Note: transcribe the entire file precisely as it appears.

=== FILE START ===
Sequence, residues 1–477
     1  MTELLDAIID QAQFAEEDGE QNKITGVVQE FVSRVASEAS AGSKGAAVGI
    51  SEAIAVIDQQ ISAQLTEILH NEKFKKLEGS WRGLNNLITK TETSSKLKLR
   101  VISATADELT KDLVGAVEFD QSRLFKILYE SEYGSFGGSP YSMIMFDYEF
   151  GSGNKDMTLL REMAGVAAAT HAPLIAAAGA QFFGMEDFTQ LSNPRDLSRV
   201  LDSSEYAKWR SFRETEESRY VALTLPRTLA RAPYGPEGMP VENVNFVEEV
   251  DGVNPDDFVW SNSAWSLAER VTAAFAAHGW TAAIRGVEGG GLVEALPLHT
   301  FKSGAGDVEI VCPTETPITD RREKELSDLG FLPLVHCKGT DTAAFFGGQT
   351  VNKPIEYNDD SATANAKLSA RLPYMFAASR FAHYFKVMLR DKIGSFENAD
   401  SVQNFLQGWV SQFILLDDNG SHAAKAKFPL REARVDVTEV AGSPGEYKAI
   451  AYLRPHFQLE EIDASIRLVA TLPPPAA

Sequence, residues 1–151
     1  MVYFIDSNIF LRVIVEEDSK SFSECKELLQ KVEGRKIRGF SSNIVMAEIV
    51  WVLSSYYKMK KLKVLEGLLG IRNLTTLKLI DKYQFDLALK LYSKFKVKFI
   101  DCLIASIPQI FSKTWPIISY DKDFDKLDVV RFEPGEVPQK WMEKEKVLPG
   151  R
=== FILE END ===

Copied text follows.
Sequence, residues 1–477
     1  MTELLDAIID QAQFAEEDGE QNKITGVVQE FVSRVASEAS AGSKGAAVGI
    51  SEAIAVIDQQ ISAQLTEILH NEKFKKLEGS WRGLNNLITK TETSSKLKLR
   101  VISATADELT KDLVGAVEFD QSRLFKILYE SEYGSFGGSP YSMIMFDYEF
   151  GSGNKDMTLL REMAGVAAAT HAPLIAAAGA QFFGMEDFTQ LSNPRDLSRV
   201  LDSSEYAKWR SFRETEESRY VALTLPRTLA RAPYGPEGMP VENVNFVEEV
   251  DGVNPDDFVW SNSAWSLAER VTAAFAAHGW TAAIRGVEGG GLVEALPLHT
   301  FKSGAGDVEI VCPTETPITD RREKELSDLG FLPLVHCKGT DTAAFFGGQT
   351  VNKPIEYNDD SATANAKLSA RLPYMFAASR FAHYFKVMLR DKIGSFENAD
   401  SVQNFLQGWV SQFILLDDNG SHAAKAKFPL REARVDVTEV AGSPGEYKAI
   451  AYLRPHFQLE EIDASIRLVA TLPPPAA

Sequence, residues 1–151
     1  MVYFIDSNIF LRVIVEEDSK SFSECKELLQ KVEGRKIRGF SSNIVMAEIV
    51  WVLSSYYKMK KLKVLEGLLG IRNLTTLKLI DKYQFDLALK LYSKFKVKFI
   101  DCLIASIPQI FSKTWPIISY DKDFDKLDVV RFEPGEVPQK WMEKEKVLPG
   151  R